A special UN officer, who planned to travel to the Palestinian territories to document human rights conditions, was reportedly denied entry to Israel on
Monday, Israeli and UN officials said
Border police prevented Richard Falk, the UN Special Rapporteur on Israeli conduct in the West Bank and Gaza Strip, from entering Israel when he arrived at Ben Gurion Airport near Tel Aviv on Sunday.
Falk had angered Israel by making remarks comparing its forces' actions in the Gaza Strip to those of the Nazis in wartime Europe. He was put on a plane back to Geneva on Monday.
UN officials said Falk, who is Jewish, has been tasked with preparing reports on human rights violations in the West Bank and Gaza Strip. "He was coming to follow up on his mandate, meet people and collect first-hand information," a UN official said.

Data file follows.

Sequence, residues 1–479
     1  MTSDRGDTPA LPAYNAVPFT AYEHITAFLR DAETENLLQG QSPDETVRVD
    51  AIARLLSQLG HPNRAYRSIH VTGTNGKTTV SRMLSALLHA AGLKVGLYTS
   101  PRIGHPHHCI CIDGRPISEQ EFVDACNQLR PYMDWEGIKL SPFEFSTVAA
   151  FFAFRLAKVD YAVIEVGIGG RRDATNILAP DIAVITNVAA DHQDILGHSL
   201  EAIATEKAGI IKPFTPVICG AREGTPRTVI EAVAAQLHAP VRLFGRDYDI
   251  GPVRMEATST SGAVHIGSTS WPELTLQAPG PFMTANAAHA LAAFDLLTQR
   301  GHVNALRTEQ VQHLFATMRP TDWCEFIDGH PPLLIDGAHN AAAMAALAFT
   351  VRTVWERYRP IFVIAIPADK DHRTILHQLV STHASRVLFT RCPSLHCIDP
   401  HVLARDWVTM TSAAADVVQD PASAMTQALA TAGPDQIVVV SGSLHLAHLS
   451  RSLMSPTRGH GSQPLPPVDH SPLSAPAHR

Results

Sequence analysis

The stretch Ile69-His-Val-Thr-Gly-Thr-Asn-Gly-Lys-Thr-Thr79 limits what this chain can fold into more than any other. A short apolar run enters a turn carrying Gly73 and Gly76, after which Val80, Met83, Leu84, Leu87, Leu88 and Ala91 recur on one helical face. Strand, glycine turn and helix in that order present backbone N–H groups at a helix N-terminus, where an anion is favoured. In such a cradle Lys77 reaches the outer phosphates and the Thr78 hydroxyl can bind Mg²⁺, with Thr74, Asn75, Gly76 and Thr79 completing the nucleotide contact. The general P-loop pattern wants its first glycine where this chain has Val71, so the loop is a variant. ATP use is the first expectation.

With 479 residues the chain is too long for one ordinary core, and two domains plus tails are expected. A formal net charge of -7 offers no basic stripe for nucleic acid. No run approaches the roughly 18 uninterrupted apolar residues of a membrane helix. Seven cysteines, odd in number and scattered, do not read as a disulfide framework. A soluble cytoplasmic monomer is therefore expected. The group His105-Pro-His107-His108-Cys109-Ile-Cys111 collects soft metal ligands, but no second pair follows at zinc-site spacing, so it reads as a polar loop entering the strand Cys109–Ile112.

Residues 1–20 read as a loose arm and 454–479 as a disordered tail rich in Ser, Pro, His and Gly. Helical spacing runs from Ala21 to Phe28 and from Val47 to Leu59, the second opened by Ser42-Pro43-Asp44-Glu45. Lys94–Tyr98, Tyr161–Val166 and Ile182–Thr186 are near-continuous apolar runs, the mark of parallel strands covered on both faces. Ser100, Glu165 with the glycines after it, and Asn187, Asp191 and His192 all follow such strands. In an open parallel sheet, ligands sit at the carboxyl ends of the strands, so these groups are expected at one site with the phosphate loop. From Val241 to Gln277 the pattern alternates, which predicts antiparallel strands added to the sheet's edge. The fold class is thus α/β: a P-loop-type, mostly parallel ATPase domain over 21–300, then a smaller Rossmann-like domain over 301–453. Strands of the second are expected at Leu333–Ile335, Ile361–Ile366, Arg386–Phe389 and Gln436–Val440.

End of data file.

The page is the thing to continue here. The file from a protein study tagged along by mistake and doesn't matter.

A US professor, Falk is fiercely critical of what he describes as "pro-Israel" influence on US foreign policies.
Yigal Palmor, an Israeli Foreign Ministry spokesman, said Falk was denied entry because his mandate from the UN's Human Rights Council was "profoundly distorted and conceived as an anti-Israel initiative".
"It has nothing to do with the promotion of human rights," Palmor said, noting that Falk's mandate allows him to report only on Israeli violations of human rights and international humanitarian law in the territories.
Israel argues that Palestinian attacks on civilian targets in Israel are in breach of global pacts and should be condemned.
The human rights group Adalah protested Israel's decision to deport Falk, calling it a "severe blow to the rights of the Palestinian civilian population living under Israeli occupation".